Back in May 2014, when Cinema Detroit was showing Sony Pictures’ 4K restoration of The Lady From Shanghai, I had occasion to research the making of Orson Welles’ classic film noir, and I discovered that, while Errol Flynn is (probably) not in the movie, he was present and was very much involved in the filming.
My friend Michael of It Rains…You Get Wet answered this thought-provoking movie quiz earlier, it was actually devised by Dennis at Sergio Leone and the Infield Fly Rule, under the name “MISS JEAN BRODIE’S MODESTLY MAGNIFICENT, MATRIARCHALLY MANIPULATIVE SPRINGTIME-FOR-MUSSOLINI MOVIE QUIZ.” I’m so late on this that Dennis has already compiled all the answers here, here, here and here, but I still had a lot of fun with this quiz so, at the risk of total redundancy, I’m posting my answers.
1) The classic movie moment everyone loves except me is:
Any of the 112 moments of The Constant Nymph (1943). Joan Fontaine was 25 and doesn’t seem 14 to me, just a little mental, but not as crazy as Charles Boyer’s character would be to leave Alexis Smith’s for a teenager. By the end of the film, I really felt they deserved each other.
2) Favorite line of dialogue from a film noir
“Baby, I don’t care.”
It is really difficult to choose one, but let’s go with: “All you need to start an asylum is an empty room and the right kind of people.”
9) Second favorite Lloyd Bacon film
Espionage Agent (1939), with Joel McCrea and Brenda Marshall. Number one would be 42nd Street.
“Clint Eastwood’s Favorite Hardware Store”
At the risk of incurring some major wrath…Orson Welles.
I’ve had a horrendous case of writer’s block this week, trying to come up with something original to say about Orson Welles’ 1958 film noir masterpiece, Touch of Evil. As I noted last August, it’s practically impossible to say anything that hasn’t already been said about Welles and his work. After all, there are countless books and movie blogs rightly singing their praises, and Touch of Evil has long been regarded as a great of the film noir genre. But I’ve got to add my $.02 because Detroit Film Theatre is showing the film on Saturday, January 14 at 4:00 p.m. as part of their DFT 101 series. So I’ll just list why I’m so looking forward to this opportunity to see it as it was meant to be seen:
- Touch of Evil is arguably the last in the film noir classic cycle. Welles’ own Citizen Kane is considered an important influence on what would eventually come to be known as film noir, and it’s clear that he had mastered the elements of film noir style, exemplified by his use of chiaroscuro lighting and subjective camerawork. Welles also wrote the film’s script, which contains most of film noir’s thematic elements. A hero (Charlton Heston as a Mexican narcotics officer named Mike Vargas) lost in a labyrinth of shadiness and duplicity, shadowed streets, corruption, and seedy characters. In Welles’ hands, it’s a feast for the eyes.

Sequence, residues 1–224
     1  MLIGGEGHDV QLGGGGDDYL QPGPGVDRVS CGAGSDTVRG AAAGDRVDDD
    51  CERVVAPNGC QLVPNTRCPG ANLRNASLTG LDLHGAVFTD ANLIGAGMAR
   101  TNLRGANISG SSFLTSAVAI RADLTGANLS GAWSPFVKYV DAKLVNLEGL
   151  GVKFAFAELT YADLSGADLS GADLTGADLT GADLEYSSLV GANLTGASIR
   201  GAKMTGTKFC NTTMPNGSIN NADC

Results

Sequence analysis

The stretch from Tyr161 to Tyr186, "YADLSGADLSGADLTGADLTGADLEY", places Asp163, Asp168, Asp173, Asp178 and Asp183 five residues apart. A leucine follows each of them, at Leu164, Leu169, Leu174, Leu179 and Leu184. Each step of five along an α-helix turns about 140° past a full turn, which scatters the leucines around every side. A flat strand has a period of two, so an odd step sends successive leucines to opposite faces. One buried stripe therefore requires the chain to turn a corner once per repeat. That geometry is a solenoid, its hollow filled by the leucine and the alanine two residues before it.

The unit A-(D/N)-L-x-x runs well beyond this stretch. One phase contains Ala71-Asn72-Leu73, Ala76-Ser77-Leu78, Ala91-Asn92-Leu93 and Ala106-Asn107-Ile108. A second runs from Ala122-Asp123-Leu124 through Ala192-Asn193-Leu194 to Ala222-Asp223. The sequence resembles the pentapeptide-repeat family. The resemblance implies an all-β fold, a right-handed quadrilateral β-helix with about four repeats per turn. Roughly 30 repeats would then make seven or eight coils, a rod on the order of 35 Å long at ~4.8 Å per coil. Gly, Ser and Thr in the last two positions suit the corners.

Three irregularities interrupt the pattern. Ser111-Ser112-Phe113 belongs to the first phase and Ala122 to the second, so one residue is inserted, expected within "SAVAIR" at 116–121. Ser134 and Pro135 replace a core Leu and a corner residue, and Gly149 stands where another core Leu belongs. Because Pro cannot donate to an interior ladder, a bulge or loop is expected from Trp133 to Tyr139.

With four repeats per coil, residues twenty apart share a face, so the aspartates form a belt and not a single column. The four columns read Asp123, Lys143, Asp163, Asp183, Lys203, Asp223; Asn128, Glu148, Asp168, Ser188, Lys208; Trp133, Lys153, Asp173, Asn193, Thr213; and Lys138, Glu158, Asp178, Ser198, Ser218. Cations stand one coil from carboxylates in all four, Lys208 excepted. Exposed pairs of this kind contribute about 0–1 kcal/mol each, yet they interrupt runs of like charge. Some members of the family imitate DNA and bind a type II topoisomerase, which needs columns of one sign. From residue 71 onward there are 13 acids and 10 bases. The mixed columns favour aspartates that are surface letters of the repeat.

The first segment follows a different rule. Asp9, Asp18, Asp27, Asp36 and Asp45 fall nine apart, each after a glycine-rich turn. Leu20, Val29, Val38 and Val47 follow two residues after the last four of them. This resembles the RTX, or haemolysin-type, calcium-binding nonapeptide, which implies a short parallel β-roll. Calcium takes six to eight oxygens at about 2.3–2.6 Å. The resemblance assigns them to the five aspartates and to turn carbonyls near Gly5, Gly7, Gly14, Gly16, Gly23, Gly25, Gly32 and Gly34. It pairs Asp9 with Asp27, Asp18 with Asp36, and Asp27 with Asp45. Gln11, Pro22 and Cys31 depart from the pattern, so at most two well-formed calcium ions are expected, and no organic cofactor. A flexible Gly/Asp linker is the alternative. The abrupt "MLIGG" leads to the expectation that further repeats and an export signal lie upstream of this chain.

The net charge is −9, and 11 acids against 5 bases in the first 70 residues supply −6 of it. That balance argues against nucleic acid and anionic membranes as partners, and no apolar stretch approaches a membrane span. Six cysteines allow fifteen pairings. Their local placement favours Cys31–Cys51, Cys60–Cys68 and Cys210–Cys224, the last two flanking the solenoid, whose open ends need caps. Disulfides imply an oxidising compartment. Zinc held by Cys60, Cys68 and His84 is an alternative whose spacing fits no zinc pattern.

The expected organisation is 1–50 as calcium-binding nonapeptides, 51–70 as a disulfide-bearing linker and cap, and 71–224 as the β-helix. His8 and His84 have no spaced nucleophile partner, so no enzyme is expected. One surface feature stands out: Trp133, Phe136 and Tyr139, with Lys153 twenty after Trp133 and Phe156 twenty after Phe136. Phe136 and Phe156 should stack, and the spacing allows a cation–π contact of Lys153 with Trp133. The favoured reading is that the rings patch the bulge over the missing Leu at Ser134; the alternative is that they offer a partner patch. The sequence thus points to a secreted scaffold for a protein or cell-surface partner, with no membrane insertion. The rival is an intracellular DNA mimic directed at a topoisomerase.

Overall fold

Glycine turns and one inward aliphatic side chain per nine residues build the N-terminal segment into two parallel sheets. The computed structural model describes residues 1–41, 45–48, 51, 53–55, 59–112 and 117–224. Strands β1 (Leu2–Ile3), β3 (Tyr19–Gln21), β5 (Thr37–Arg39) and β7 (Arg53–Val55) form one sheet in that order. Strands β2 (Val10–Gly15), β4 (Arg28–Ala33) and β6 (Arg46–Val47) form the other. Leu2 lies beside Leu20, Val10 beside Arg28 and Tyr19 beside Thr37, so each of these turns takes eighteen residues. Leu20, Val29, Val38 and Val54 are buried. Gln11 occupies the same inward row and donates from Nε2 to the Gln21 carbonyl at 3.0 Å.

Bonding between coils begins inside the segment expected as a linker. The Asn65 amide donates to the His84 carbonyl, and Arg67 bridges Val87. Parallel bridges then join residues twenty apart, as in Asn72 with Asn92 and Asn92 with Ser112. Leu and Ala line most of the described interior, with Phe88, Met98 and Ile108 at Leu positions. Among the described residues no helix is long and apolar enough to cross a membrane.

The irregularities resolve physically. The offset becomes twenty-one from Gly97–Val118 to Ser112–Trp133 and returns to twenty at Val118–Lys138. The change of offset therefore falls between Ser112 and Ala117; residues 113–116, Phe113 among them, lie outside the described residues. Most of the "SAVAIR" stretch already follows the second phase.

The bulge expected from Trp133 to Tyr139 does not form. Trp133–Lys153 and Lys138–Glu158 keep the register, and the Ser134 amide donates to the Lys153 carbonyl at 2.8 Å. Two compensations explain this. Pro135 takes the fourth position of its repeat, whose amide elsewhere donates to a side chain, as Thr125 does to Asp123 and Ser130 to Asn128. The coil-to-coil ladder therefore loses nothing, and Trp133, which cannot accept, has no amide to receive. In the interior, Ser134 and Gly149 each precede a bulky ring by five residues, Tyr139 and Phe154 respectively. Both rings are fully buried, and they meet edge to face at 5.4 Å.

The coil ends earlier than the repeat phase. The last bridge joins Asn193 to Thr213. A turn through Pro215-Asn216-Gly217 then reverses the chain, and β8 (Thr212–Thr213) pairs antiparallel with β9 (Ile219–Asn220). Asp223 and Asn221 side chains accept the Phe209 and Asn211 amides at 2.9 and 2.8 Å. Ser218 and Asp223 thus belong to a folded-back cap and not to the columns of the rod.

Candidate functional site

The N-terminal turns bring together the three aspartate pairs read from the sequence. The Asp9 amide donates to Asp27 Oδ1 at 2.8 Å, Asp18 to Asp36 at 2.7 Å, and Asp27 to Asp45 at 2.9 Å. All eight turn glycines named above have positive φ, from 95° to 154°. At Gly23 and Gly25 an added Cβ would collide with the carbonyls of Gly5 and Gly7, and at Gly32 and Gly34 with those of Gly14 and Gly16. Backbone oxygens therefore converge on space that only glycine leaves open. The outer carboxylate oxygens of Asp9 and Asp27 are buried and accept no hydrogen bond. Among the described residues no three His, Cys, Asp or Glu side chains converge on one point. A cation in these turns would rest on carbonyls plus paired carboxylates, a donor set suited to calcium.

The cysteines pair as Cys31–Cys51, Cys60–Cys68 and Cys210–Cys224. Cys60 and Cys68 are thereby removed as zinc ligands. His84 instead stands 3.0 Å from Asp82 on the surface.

- Welles also stars in this, his last American film, taking on the role of corrupt, alcohol-soaked cop Hank Quinlan. Quinlan’s jurisdiction is Los Robles, a seedy town on the Texas side of the U.S.-Mexico border where all sorts of crime occurs, but Quinlan seems to be the worst. We see him slowly losing even the pretension of moral authority, as he conspires against Vargas, endangers Vargas’ wife (Janet Leigh), plants evidence, drinks to excess, and generally acts as judge and jury, convicting anyone he doesn’t like, usually a Mexican.
- It will be a joy to see the film’s opening sequence, a three-minute, 20-second long take, on the big screen. We are shown a bomb being armed and concealed in the trunk of a Cadillac, which we then follow over the border in an amazing continuous shot, that ends with the explosion of the bomb.
- As Tana (Marlene Dietrich) might have said about the 1958 version of Touch of Evil, “Honey, you’re a mess.” Welles wasn’t allowed to control the film’s final cut. The studio’s version placed the credits over the long take, added a musical soundtrack to it, and added some scenes to the rest of the film — apparently the film’s plot was deemed to intricate for the average moviegoer. Thankfully, DFT will be showing the 1998 restoration, which was based on a painstaking 58-page memo Welles sent to the head of Universal Studios (who ignored it), so that what we see on Saturday will be as near to what Orson Welles intended as possible. Don’t miss it!